In an era of Casual Fridays and work-from-home colleagues, how can you maintain effective office communication in a changing business climate?
We’ll steer you through changes in business etiquette, and help you successfully navigate through the new realities of workplace conflict and office politics.
Feeling off your game at work, but not sure where you’re falling short? The best thing to do is to ask your co-workers. Lifehacker’s Alan Henry shares three ways to get their honest feedback.
Struggling to write a compelling social media biography? With these tips you’ll be on your way to crafting the perfect one.
Creating a culture of openness on the job starts with intentionally including others, S. Chris Edmonds writes. He explains how.
During delicate conversations when you address sensitive issues with employees, it’s the subtle things that count. Beware of seemingly minor but disruptive listening patterns that can inflame a conflict.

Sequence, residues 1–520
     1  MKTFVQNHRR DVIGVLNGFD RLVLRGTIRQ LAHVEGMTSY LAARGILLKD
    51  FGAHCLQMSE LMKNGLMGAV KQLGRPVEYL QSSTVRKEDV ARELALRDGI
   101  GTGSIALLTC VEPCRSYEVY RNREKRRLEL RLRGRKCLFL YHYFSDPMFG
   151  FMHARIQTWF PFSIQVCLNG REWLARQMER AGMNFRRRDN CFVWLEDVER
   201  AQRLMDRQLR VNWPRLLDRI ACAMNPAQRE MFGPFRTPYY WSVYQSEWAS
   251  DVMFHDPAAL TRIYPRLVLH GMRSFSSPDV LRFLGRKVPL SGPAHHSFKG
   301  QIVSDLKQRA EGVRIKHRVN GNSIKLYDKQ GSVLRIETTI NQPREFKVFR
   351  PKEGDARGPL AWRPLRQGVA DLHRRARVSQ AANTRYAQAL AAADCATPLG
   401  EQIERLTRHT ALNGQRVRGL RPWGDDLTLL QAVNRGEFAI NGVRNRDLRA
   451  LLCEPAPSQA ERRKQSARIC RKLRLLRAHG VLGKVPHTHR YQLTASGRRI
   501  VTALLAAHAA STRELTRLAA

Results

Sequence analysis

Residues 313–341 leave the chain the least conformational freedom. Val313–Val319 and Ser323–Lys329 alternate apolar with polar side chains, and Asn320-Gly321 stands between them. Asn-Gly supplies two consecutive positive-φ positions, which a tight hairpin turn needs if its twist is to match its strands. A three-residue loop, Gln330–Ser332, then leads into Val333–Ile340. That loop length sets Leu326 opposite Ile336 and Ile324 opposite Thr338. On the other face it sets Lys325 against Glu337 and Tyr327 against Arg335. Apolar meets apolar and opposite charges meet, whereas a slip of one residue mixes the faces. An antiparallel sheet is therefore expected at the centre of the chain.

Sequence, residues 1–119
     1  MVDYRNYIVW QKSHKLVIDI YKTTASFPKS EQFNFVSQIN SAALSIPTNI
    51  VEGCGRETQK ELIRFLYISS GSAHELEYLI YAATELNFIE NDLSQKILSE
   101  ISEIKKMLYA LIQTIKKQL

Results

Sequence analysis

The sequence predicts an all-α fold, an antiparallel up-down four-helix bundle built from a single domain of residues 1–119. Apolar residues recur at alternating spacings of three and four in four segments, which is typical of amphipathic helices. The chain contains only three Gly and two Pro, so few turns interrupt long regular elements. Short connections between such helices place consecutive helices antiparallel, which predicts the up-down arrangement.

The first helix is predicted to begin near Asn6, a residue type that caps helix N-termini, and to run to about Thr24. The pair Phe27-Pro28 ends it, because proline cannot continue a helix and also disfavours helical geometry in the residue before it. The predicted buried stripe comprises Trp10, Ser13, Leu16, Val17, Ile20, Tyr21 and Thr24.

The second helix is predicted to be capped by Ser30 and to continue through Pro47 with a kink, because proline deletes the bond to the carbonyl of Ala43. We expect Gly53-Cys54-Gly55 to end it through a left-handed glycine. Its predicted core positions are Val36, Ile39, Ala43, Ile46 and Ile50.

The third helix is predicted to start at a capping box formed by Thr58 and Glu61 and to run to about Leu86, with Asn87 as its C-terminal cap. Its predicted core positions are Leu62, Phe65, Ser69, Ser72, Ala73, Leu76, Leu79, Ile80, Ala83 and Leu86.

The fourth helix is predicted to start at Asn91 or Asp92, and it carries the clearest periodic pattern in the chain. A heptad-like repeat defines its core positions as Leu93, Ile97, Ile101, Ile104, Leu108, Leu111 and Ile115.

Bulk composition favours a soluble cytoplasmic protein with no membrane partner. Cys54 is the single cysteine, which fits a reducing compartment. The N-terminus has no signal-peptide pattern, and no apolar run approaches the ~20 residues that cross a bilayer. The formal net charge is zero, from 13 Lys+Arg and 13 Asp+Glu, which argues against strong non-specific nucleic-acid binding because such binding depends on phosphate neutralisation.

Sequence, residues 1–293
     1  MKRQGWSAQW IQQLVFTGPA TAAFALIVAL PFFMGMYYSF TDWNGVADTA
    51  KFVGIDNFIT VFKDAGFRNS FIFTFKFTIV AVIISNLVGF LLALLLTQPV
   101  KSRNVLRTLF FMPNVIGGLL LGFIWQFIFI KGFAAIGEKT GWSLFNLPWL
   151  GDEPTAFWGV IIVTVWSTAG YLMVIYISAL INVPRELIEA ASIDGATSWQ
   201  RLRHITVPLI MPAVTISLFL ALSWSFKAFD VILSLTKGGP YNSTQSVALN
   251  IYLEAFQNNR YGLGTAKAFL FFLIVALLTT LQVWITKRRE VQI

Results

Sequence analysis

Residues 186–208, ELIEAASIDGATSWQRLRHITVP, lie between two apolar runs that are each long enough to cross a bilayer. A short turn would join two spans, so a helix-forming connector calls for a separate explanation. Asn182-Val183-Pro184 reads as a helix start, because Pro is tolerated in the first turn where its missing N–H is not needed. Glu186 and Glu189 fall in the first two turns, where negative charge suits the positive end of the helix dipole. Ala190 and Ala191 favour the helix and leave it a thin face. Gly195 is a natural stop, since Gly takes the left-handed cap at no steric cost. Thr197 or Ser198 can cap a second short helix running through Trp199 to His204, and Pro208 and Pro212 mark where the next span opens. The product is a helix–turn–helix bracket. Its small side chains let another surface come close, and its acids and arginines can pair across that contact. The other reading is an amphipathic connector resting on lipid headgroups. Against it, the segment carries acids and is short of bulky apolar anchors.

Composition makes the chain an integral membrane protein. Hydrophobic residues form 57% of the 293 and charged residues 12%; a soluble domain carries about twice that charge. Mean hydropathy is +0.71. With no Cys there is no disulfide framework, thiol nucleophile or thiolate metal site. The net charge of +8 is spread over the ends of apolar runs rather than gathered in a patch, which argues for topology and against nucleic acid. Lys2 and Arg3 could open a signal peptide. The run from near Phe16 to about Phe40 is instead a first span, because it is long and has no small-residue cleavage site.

Invest in your professional development with these tips from Miriam Salpeter, founder of Keppie Careers.
Administrative professionals are vital to the success of the oil and gas industry, says Brittney Valenzuela, at Kelly Services. It’s no wonder these admins are in high demand.
If you’re unhappy with a co-worker’s behavior and aren’t sure whether reporting the person would be telling or tattling, ask yourself these four questions.
Say “ummm” no more ... Be nice or your company will pay the price ... Bigger is better when it comes to coffee cups.
“Can I help you with that?” asks your colleague as you struggle to load an ink cartridge into the printer. If your co-worker says it in a sincere tone, you’re grateful for the offer. But that same question delivered in a sarcastic or exasperated manner leaves you feeling irritated. If you want clarity and connection, pay attention to the following four vocal components.
The future is uncertain, but with some foresight you can increase your chances of being happy in it, Lifehack’s Chris Ellis writes. The secret is to focus on who you want to be in the future and to take steps to become that person each day. Here are some ways Ellis suggests you can do just that.